It’s a dynamic time for the meat industry, as COVID-19 changes labor conditions, buyers scrutinize animal welfare and the nutritional components of beef, and environmental activists contemplate how to reduce greenhouse gas emissions caused by farming.
There’s no doubt that meat is big business, with a significant environmental footprint. As recently as 2017, U.S. meat production totaled 52 billion pounds, 26.3 billion of which was beef. While there are a range of estimates, as much as 30% of the calories consumed globally by humans come from meat products.
And according to the United Nations, livestock contribute nearly two-thirds of agricultural greenhouse gas emissions and 78% of agricultural methane emissions — with cattle representing the bulk of that amount.
Speaking at last month’s MIT Sustainability Summit, representatives of five companies discussed ways to reconcile this consumption with eco-friendliness, with various approaches. Speakers included:
- Pat Brown, CEO of Impossible Foods, which develops plant-based substitutes for meat products.
- Charley Cummings, whose Walden Local raises and distributes sustainable meat through a farm-share-like program.
- Jill Marshall Gould, founder of Butter Meat Co., which focuses on mature, organic local beef.
- Cara Nicoletti, whose Seemore Meats & Veggies produces carbon-neutral, vegetable-forward sausages.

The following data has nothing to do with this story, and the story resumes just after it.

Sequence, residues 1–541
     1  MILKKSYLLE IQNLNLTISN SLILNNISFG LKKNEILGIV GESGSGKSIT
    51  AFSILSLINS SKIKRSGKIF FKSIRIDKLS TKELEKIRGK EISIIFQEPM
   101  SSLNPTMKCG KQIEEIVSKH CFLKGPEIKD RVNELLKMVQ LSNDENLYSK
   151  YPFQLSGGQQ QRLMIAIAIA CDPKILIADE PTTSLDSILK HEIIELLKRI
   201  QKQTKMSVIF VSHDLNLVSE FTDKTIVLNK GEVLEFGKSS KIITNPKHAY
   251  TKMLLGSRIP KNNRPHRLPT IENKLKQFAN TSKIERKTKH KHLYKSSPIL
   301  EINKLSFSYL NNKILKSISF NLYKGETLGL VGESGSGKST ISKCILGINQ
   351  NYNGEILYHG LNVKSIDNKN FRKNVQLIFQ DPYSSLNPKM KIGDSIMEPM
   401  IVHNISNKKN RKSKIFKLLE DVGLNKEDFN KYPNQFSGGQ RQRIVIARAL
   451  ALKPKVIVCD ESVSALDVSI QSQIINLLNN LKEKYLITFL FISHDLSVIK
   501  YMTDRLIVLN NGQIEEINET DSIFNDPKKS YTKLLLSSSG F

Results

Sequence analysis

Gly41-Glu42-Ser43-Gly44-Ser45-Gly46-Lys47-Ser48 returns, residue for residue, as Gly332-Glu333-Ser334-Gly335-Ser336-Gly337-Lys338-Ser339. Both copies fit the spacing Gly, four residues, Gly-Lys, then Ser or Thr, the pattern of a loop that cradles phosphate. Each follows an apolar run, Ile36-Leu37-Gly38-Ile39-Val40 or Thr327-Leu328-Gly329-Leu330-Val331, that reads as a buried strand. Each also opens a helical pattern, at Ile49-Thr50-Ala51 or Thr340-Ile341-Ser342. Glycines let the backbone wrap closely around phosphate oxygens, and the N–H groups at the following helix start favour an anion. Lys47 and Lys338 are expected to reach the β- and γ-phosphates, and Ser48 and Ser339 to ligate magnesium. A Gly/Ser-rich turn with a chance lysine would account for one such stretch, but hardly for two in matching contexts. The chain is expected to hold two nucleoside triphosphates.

- Brian Spears, CEO of New Age Meats, which grows meat from the cells of animals that have not been slaughtered, a process known as “cultivated meat” or “cell-based meat.” The company’s products are not yet for sale.
While each has a unique business proposition, their hurdles are similar. Here are their insights about the state of the industry.
Human labor is fragile
Panelists discussed how COVID-19 has underscored the frailty of human labor and will remain a topic of concern going forward. Hourly employees who work at slaughterhouses propel the meat supply. Because this work is acutely physical, and conducted in such proximity, it’s been difficult for businesses to rely on this labor during the pandemic. Meanwhile, demand surged, underscoring weaknesses in the supply chain.
Savvy companies will be motivated to pay greater attention to workforce conditions in the future. For example, Nicoletti uses data analytics platform Working Metrics, which offers a scorecard to assess and compare how suppliers treat labor, as well as other working conditions.
Cell-based meat could tamp down disease transmission
Futuristic meat companies, meanwhile, hope that their practices will remain unencumbered by disease.
New Age’s Spears asserted how conventional meat creation increases disease risk: people in very tight quarters side-by-side, conducting repetitive operations. In contrast, his company creates meat from the cells of unharmed animals.
“A meat supply that relies on humans to be in close proximity to the carcasses of animals and be covered in the fluids of animals presents a transmission risk,” he said. “Our platform is fundamentally less prone to that safety risk.”
Affordability is a challenge — and a mandate
High-quality meat is also prohibitively expensive for many, which threatens to turn eco-friendly eating into a socioeconomic issue.
“I really want this humane movement to be available to more people,” Nicoletti said.
For its part, Impossible Foods has an ambitious goal: completely replace the use of animals as a food source by 2035, with a focus on distribution to malnourished populations. It is estimated that one-third of the world’s population is affected by anemia and that half of those cases are due to iron deficiency. As many as two billion people worldwide are iron-deficient.
“It’s primarily a problem of poverty. So we have to think about, how do we make these foods more affordable?” Brown asked. He believes that costs will decrease as plant-based meat substitutes become more mainstream.